In the hours before meeting with the media to discuss his decision to retire after 19 NBA seasons, Shaquille O'Neal thanked the Los Angeles Lakers for planning to retire his No. 34, said he won't pursue a coaching career in the league and likely will have Achilles tendon surgery.
O'Neal, 39, was interviewed Friday on ESPN Radio's "Mike and Mike in the Morning" in the lead-up to his afternoon news conference from his Orlando, Fla., home. He announced his retirement Wednesday.
"I would like to thank the Laker organization for thinking of me," said O'Neal, adding he spoke Thursday with Lakers owner Jerry Buss and vice president Jeannie Buss.
Asked if he would one day go into coaching, O'Neal said, laughing, "No way. If I had to deal with players like me I wouldn't make it as a coach."
A larger-than-life personality, O'Neal retires with career averages of 23.7 points, 10.9 rebounds, 2.5 assists and 2.3 blocks per game on 58.2 percent shooting, but his numbers jumped to 27 points, 11.8 rebounds, 3.1 assists and 2.5 blocks in 514 regular-season games played in Los Angeles.
One of the game's greatest centers considers Kareem Abdul-Jabbar to be the best to ever play the position. And, excluding himself from the conversation, O'Neal considers Bill Russell, Wilt Chamberlain, Hakeem Olajuwon and David Robinson to be among the top five centers of all time.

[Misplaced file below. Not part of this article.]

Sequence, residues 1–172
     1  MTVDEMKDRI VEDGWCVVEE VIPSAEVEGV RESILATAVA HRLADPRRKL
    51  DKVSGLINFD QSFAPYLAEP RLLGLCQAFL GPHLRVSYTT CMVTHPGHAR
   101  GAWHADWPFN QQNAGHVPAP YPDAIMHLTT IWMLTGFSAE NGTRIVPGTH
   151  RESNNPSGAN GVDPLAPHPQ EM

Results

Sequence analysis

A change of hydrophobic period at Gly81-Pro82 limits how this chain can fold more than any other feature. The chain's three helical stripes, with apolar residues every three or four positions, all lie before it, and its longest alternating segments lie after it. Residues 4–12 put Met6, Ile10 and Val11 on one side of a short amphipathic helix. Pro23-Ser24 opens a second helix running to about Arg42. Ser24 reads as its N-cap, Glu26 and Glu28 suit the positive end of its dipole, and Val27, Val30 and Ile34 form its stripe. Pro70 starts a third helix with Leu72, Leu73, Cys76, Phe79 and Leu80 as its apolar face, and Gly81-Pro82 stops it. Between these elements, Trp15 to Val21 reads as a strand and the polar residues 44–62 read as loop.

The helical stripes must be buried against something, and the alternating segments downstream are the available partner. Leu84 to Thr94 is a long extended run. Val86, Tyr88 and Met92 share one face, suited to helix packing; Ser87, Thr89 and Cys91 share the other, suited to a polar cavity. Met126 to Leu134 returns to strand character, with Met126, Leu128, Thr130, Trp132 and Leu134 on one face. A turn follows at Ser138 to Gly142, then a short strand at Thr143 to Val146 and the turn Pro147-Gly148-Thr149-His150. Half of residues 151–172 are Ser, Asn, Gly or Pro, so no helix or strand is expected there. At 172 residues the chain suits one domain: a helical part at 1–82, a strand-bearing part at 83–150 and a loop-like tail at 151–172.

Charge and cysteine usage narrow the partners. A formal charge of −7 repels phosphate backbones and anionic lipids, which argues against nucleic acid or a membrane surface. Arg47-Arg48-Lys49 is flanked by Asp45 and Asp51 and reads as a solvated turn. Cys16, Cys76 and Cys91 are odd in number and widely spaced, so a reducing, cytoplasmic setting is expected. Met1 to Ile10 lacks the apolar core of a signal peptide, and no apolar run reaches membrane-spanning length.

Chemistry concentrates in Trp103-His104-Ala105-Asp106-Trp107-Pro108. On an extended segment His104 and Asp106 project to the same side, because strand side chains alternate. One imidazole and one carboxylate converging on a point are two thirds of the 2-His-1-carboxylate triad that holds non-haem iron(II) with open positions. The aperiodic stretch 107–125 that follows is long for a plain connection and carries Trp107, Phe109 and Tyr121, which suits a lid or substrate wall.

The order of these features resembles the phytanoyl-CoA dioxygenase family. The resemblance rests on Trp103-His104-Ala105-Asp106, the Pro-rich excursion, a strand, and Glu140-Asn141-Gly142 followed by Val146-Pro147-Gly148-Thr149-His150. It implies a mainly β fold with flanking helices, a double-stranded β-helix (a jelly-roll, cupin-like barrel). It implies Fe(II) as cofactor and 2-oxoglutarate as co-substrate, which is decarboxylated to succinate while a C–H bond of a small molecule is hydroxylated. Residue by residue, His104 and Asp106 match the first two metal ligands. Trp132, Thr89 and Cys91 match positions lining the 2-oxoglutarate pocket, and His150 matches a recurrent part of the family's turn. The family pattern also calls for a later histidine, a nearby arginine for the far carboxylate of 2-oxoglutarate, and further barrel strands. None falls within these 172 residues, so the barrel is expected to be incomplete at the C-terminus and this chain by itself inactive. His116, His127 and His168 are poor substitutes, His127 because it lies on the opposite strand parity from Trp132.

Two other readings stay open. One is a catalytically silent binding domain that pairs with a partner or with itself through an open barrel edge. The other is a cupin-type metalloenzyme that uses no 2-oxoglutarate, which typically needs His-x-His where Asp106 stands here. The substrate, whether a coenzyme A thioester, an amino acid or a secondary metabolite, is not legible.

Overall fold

"Just to have my name mentioned next to those guys is a blessing," O'Neal said.
He took them from the lottery to the playoffs in two years, and then led them to the NBA Finals in his third year before they were swept by the Houston Rockets.
O'Neal then signed with the Lakers in 1996 and had his greatest success there, winning three titles alongside Kobe Bryant and coach Phil Jackson.
But amid tension between O'Neal and Bryant over credit for the team's success, O'Neal was traded to the Heat in summer 2004, fresh off a loss to the Detroit Pistons in the Finals.
A persistent Achilles injury, however, prevented him from fulfilling the terms of the deal. He played in only two of Boston's final 35 regular-season games.
If he does have surgery, O'Neal said he would take time to heal before launching the next phase of his business career. His body of work included rap records, movies, a lengthy business portfolio and an even lengthier history of philanthropic deeds.
"A professor at LSU once told me, 'Big guys don't sell.' I wanted to dispel that," he said. "I've always been a class clown. Everything you see with me is real."
Information from The Associated Press was used in this report.